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Death, the Ultimate Question
By Martin LeFevre
May 25, 2017, 5:48pm

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It's funny listening to a theoretical physicist muse on death. Perhaps it's like listening to a religious philosopher ponder quarks and bosons. The difference being that the physicist's special knowledge is supposed to give him or her special standing on the ultimate question.

The astrophysicist in question was saying, with almost childlike simplicity, that death is incomprehensible to him because he can't conceive of his own end, how there could be an end to his personal existence.

"Before we're born, there was nothing, so I don't know why it's so hard to conceive of there being nothing after we die---from nothing to nothing."

Actually, the expression is "from dust to dust." We now know the ancient invocation is literally true: we are born of earthly dust and stardust, and return to both, as all things must.

Of course the issue is not terrestrial or cosmic recycling, but the continuity, or lack thereof, of the self. That's what makes death so difficult to grasp. Is death an impenetrable mystery because we never know a complete, timeless moment when all continuity of the past and the "me" has ended?

Without making goals or categories of it, the adept contemplative notices that there are three stages of awareness. Remarkably, each phase is characterized by negation, with negation at one stage instantly opening the door to the next.

The first stage, as I've spoken of many times in this column, is the ending of the separate observer and self. This is the complete opposite of Western and most Eastern modes of meditation.

In the West, people have been conditioned into a positive movement of aspiration and adoration, which purportedly leads to God. That's essentially what prayer is.

In Eastern philosophy, at least as it's been grafted onto the dying tree of Western civilization, the notion of 'Higher Self' has found much purchase. It has no more validity than positive Western projections of God, but couched in Eastern mumbo jumbo, with its much older and more nuanced religious philosophy, the notion of "Higher Self" gives aspirants the illusion that they're barking up the right tree.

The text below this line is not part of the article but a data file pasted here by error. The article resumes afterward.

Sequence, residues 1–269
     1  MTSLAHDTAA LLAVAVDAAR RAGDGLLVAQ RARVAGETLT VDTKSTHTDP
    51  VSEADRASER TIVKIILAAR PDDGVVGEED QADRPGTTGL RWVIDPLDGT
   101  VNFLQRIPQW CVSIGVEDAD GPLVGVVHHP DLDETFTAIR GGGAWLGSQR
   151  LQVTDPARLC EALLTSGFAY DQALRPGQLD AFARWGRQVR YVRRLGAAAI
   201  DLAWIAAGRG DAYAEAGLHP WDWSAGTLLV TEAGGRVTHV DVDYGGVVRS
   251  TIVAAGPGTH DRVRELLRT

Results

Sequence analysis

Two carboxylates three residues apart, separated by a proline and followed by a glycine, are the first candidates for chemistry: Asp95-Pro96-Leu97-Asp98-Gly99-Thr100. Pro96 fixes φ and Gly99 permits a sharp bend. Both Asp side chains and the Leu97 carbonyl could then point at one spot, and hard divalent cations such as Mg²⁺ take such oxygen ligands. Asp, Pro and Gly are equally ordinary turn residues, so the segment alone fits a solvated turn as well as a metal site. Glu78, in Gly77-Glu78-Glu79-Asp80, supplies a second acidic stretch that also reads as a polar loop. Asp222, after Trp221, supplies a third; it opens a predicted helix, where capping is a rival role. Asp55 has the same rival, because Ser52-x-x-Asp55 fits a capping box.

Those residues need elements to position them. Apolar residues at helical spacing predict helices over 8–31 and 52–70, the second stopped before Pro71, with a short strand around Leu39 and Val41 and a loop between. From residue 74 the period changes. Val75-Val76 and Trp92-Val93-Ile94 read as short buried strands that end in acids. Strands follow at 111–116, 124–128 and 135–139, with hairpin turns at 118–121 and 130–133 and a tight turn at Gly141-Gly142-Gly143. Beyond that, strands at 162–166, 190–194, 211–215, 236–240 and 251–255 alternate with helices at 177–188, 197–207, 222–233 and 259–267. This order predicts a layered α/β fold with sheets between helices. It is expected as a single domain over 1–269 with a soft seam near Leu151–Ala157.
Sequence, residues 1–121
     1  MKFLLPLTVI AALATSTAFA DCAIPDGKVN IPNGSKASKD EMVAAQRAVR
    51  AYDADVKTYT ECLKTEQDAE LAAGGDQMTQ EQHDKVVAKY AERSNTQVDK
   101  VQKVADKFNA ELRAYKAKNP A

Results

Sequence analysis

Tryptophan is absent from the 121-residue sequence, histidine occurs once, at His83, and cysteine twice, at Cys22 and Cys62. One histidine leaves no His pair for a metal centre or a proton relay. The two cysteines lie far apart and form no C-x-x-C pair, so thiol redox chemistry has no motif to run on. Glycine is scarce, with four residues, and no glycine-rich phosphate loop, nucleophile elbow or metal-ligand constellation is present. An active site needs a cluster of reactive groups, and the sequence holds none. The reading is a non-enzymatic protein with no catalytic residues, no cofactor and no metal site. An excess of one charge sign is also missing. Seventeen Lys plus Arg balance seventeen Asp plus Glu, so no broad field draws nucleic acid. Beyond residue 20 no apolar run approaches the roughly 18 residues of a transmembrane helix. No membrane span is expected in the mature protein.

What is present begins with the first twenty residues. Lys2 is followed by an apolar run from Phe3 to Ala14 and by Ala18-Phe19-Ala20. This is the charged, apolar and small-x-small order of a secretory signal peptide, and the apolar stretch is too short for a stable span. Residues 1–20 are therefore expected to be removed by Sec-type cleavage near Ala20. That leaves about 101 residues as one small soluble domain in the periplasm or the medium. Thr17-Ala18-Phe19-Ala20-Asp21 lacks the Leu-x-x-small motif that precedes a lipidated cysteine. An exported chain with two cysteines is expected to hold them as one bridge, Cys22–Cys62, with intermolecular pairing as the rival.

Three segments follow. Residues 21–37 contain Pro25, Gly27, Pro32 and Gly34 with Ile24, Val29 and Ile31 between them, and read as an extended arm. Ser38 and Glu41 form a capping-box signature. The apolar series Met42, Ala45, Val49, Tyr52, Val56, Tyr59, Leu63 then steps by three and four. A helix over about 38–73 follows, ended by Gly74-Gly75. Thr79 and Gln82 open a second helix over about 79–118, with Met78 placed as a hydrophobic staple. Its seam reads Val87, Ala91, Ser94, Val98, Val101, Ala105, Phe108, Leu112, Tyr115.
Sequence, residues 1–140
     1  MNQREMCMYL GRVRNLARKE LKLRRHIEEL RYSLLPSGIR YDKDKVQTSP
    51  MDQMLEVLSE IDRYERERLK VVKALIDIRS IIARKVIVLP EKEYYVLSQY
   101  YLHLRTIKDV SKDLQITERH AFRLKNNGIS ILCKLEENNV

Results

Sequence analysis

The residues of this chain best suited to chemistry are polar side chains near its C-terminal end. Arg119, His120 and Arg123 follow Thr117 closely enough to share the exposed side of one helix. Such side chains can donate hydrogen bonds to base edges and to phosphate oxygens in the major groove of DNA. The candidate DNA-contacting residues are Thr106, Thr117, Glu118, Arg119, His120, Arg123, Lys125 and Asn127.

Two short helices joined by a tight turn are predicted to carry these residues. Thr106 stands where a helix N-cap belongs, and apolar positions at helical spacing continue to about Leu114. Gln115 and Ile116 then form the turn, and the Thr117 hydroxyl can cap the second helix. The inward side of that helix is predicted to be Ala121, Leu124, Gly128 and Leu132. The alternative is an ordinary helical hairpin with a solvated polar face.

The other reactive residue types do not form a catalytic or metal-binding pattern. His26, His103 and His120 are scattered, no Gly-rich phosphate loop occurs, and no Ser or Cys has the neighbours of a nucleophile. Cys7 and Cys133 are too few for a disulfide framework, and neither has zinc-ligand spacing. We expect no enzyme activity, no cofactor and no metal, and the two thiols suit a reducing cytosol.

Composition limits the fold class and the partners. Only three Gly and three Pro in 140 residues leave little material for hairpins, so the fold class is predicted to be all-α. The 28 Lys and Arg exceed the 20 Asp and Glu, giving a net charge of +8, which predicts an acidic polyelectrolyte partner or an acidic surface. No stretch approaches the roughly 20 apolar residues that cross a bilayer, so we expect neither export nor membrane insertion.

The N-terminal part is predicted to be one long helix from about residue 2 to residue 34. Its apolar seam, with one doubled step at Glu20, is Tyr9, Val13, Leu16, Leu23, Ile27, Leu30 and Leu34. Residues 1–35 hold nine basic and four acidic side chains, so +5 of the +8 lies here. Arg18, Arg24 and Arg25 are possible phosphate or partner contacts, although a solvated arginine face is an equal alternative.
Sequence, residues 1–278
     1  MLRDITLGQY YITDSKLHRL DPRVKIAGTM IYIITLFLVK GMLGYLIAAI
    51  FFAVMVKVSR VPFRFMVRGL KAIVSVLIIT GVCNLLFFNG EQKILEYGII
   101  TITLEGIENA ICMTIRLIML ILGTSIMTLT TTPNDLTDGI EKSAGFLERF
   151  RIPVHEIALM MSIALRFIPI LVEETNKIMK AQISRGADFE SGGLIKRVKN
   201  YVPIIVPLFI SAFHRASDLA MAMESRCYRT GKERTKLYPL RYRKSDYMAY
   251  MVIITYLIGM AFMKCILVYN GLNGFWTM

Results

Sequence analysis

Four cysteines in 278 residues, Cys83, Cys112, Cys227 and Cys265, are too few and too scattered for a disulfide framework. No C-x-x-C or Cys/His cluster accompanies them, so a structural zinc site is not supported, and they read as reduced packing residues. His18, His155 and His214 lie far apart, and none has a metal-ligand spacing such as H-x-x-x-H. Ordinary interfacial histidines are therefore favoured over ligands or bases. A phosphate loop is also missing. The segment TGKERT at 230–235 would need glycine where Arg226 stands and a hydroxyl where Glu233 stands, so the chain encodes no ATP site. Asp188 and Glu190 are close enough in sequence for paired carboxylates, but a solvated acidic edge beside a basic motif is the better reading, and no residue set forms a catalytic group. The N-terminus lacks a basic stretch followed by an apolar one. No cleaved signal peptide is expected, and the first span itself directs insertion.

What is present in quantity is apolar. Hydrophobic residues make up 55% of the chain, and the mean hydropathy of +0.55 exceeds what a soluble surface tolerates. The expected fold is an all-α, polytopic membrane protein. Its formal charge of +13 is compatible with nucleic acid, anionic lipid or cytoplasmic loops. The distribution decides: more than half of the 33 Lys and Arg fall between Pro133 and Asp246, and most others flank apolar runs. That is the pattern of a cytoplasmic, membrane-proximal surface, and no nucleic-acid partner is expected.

In modern terms, the observer is essentially the mechanism of thought instantly and habitually splitting itself off from itself, giving the illusory separate entity, "Me," privileged status.

When awareness, which can be quicker than thought, catches thought in the act of separating itself from itself, that very action of attention and insight ends the ancient habit of the observer/self.

The next stage is ushered in, in which attention gathers because there is no illusory observer to divert and distract awareness. There's simply the flow of thoughts and emotions, which the brain keenly watches without the filter of judgment and choice. In doing so, the mind spontaneously falls silent.

The final stage is what I call entering the house of death. Without ideas or intervening memories (including and perhaps especially of previous meditations), the brain comes into direct contact with the actuality of death. Interestingly, there is no fear. On the contrary, there's a tremendous joy, wonder and awe.

One sees and feels that death is happening every moment, inside and outside the body, on the earth and in the universe. One realizes, non-intellectually, that the line between life and death is truly as thin as the membrane of a cell.

Then a very strange thing happens. The mind-as-thought grows so still and empty that the mind-as-awareness transcends the birth/death cycle.

One is then experiencing what I call the ground of creation, which is death before the cycles of birth and death came into being. One physically realizes that creation didn't just happen 14 billion years ago with the birth of this universe, but is being recapitulated every moment everywhere in the universe.

Except in man, who fears death and puts it off until the end, when it's too late to understand it.

At this point in one's meditation there is nothing but the strangeness of being alive, plus a palpable sense that creation, love and death are actually one and the same thing.

The physicist is stuck in the continuity of self, which is essentially memory and the past, with its fear of ending. (This 'stuckness' of thinking is where the nonsense of "uploading our consciousness and thereby achieving immortality" comes from.)

Even though reincarnation exists, it isn't liberation. It appears that we return, in some form, when we don't learn and live the ultimate truth that death as inextricable from life. This is what is meant by, "reincarnation a fact but not the truth."

I'll close with questions that beckon: When one enters the house of death every day, is there death at all when the body expires? Is that the true meaning of immortality?


Martin LeFevre is a contemplative, and non-academic religious and political philosopher. He welcomes dialogue.

Published with permission of the author. All copyright remains with the author.

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